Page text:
Students interested in the Emc2 Election Multimedia Contest for Cash may respond to the question in a 5-minute audio, a 5-minute video or a 750 word essay. The grand prize winner will receive $2,000, and two runners up will receive $1,000 and $500 respectively. All applicants will receive a Student Pugwash t-shirt or Frisbee (while supplies last).


-Grand Prize: $2,000\r\n-Second Prize: $1,000\r\n-Third Prize: $500


-Applicants must be between the ages of 16 and 25 at the time of submission.\r\n-Applications which endorse a particular candidate for office will not be considered.


July 15, 2008

Required Material

-An audio, video or essay response to the following question: “If you could send a message on a science, technology, or health issue to the next U.S. president and Congress, what would it be?”\r\n-A completed registration form.

Further details about the application process can be found by conducting a free college scholarship search. Once the search is completed, students eligible for the award will find it in their scholarship list.\r\n

Hot Town, Summer in the Classroom: Considering Off-Season Studies

May 30, 2008

by Administrator

Summer and school didn’t couple well in middle school, but now, well, they may not be the worst choice. With the exception of some lucky individuals, most college students spend at least a part of their summer working. Adding a class or two to one’s schedule won’t ruin what wasn’t paradise in the first place. While summer classes do require additional work, they are a sensible option for many. Here are some reasons why off-season classes may be worth the effort:

  • Burnout among college students is an overly familiar complaint during the school year. Students who lessen their yearly grind by taking just one or two classes in the summer may find their nerves less worn, their social life more vibrant and their remaining classes more enjoyable when the fall semester rolls around.
  • Grades are much more difficult to maintain when students are overwhelmed by a large number of classes. With fewer assignments to take care of, those who pick up a new class will have more time throughout the year to concentrate on all subjects.
  • Learning is an important component of college. Classes are certainly stepping stones to a future career, but they should also be, to some extent, enjoyable. Many students select their majors based on interests, but too much work can take the enjoyment out of learning new things. A more relaxed approach to classes during the year will allow students to retain their knowledge and enjoy the process of acquiring it.
  • Tuition is becoming an increasingly heavy burden on college students and their families. By taking a few summer classes, students may be eligible to graduate earlier than expected. Yes, summer school is not free, but staying in college for an additional semester because you are one class short of graduation can be frustrating. More importantly, completing school more quickly will allow students who struggle financially to enter the job force earlier. While this may not be the optimum option for many, students who deal with heavy debt can benefit from a full-time income.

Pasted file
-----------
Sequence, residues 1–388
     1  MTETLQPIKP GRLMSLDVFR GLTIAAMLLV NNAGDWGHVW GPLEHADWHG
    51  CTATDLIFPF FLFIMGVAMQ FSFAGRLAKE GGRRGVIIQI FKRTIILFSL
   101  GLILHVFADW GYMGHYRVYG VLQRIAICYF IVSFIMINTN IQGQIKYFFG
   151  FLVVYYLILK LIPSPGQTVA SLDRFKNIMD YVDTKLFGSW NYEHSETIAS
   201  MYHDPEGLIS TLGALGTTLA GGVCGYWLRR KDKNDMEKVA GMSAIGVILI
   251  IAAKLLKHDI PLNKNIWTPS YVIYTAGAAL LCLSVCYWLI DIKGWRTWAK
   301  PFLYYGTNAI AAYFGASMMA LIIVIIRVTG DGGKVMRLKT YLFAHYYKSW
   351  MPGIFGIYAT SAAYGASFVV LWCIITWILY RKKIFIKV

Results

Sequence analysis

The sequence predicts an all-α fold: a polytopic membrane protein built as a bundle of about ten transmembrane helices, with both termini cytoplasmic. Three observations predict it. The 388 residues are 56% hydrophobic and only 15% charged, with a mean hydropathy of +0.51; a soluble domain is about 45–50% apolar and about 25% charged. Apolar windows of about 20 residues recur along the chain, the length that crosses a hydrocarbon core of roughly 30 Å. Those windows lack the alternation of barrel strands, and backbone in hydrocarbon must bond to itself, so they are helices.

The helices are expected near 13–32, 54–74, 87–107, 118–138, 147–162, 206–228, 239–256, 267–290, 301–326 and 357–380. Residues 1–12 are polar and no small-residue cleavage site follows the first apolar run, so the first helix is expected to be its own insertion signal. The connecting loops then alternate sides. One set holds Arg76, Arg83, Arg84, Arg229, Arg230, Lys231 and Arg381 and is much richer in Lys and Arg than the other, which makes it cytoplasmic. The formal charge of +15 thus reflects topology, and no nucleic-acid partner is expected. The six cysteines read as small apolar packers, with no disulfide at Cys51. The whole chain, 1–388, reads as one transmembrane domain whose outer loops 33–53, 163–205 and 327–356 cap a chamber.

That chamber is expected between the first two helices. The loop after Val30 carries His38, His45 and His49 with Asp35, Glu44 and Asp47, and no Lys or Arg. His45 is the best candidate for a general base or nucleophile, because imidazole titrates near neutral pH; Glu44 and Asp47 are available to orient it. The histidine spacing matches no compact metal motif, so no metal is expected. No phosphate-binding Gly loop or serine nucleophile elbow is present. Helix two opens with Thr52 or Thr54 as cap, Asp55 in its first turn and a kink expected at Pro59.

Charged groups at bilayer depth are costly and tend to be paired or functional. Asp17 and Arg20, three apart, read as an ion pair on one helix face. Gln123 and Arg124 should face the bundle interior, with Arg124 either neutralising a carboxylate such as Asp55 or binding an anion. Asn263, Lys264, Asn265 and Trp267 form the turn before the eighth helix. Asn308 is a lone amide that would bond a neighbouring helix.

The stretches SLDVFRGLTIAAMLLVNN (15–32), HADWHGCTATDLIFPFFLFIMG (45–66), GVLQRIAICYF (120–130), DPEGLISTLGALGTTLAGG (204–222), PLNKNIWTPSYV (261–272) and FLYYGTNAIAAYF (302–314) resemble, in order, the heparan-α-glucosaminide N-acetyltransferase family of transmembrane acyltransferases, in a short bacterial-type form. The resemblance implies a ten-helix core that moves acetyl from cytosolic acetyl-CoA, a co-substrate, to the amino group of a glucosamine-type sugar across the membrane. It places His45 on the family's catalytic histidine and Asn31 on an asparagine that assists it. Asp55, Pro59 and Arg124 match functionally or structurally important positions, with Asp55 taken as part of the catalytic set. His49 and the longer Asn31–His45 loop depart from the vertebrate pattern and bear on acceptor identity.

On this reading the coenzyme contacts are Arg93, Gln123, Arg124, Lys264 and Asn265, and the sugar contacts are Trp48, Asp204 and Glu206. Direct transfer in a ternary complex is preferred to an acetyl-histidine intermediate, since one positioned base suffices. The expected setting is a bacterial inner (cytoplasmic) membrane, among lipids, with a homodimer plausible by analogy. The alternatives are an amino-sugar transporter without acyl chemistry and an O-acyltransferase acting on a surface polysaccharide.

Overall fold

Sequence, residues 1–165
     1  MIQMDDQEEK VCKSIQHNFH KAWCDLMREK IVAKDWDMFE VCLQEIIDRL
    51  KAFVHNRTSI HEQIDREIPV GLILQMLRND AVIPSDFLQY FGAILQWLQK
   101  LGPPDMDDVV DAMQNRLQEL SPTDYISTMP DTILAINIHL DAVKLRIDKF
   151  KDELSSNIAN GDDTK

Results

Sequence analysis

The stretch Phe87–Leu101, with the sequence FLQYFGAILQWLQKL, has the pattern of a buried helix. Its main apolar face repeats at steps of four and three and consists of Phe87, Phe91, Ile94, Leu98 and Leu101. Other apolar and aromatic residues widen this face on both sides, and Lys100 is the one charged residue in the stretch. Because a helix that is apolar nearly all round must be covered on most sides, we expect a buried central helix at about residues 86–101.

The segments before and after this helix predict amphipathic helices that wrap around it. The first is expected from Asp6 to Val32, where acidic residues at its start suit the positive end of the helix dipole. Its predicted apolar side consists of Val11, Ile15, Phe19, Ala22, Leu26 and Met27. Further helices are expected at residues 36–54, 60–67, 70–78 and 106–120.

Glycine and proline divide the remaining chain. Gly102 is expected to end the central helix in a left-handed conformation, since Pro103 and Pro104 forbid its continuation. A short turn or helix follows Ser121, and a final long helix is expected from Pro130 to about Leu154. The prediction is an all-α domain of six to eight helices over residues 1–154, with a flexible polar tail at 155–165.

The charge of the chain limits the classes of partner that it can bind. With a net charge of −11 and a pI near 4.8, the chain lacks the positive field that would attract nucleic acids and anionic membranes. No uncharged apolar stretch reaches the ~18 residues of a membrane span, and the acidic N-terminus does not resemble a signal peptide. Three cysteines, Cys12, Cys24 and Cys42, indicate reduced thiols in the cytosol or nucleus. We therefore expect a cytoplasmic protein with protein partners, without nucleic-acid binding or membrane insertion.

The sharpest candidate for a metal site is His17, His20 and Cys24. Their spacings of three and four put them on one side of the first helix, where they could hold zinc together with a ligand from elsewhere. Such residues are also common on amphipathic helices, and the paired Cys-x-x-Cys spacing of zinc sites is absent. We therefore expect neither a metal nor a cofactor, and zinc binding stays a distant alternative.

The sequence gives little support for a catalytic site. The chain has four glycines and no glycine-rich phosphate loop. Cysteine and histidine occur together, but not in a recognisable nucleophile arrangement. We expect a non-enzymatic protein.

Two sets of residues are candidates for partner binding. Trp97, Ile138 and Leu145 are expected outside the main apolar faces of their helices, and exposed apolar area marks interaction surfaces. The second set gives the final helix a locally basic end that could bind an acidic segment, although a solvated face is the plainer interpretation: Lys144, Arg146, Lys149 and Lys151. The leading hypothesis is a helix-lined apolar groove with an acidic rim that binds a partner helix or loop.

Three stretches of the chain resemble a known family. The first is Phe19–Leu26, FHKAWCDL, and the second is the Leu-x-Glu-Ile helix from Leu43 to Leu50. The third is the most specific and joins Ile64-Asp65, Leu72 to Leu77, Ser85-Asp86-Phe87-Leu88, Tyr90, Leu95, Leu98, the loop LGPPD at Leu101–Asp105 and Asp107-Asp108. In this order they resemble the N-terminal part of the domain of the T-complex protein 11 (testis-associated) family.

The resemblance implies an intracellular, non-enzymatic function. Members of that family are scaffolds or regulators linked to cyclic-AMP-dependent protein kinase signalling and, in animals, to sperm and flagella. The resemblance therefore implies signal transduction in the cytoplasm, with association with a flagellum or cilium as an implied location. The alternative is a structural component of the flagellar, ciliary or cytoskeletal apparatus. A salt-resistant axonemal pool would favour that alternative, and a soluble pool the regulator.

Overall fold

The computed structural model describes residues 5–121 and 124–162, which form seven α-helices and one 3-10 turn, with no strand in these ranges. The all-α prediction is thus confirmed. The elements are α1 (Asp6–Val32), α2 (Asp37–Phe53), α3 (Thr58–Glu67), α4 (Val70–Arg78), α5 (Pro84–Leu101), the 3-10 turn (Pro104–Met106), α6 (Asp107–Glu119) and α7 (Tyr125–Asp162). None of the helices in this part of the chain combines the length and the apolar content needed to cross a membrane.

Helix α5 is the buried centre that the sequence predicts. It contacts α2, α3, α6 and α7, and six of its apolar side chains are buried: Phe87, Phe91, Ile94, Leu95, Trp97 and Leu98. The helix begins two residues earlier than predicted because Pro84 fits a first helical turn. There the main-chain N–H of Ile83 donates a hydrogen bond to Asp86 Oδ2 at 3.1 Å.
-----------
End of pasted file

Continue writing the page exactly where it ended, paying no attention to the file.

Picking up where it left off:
Posted Under:

College Costs , College Culture

Federal Supplemental Educational Opportunity Grant (FSEOG)

May 29, 2008

by Administrator

The Federal Supplemental Educational Opportunity Grant (FSEOG) is a form of federal student aid that does not need to be repaid. It is awarded to students by colleges and universities, and a mixture of federal and school funds is used to pay for the program. As FSEOG awards are based on financial need, students interested in obtaining this form of financial aid will have to complete a FAFSA and have their Expected Family Contribution (EFC) calculated. A standard federal formula will be used to determine a student’s financial need, but schools will have a large degree of leverage over how much each student will receive.

To obtain the FSEOG, a student must attend one of the approximately 4,000 colleges and universities that participate in the federal program.  Schools that take part in the FSEOG program receive grant money from the government but must still contribute 25 percent of the funds.

Individual colleges and universities determine how much grant money each student will receives based on fund availability, the time a student submits their FAFSA (earlier is better) and the student’s level of need. The yearly awards may vary from $100 to $4,000 per year, and those who were eligible for Pell Grants will be considered first.

If a student is awarded an FSEOG, the school may pay them directly, credit their school account or both. Depending on the school’s term system, students may be paid each semester, trimester or quarter. Regardless of the institutions set course timeline, the money must be paid in at least two installments.


Posted Under:

College Grants , FAFSA , Financial Aid

Student Lenders Reconsider Leaving Federal Program

May 28, 2008

by Administrator

Weighed down by an economic downturn and a cut in federal subsidies, student lenders have been lining up at the FFEL exit sign for months. But if the past two days are a sign of what’s to come, many are reconsidering their departure. On Wednesday, Margaret Spellings sent a letter to numerous student lenders pledging the Department of the Treasury’s support in helping them get back on their feet.

According to The Chronicle of Higher Education, the Department of Education’s plan to purchase loans student lenders have trouble selling had three student lenders declaring their plans to return within two days. Though the funds are meant to be a temporary, one-year solution to the student loan crunch, the decision was enough to convince NorthStar, the Brazos Group and Graduate Leverage to return to the FFEL program.

"Many details still need to be worked out, and we will share those as they become available. But the good news is we’re back in the federal student loan business, and students and families will have more loan options for the upcoming year,” stated NorthStar’s Chief Executive Taige Thornton on the company website.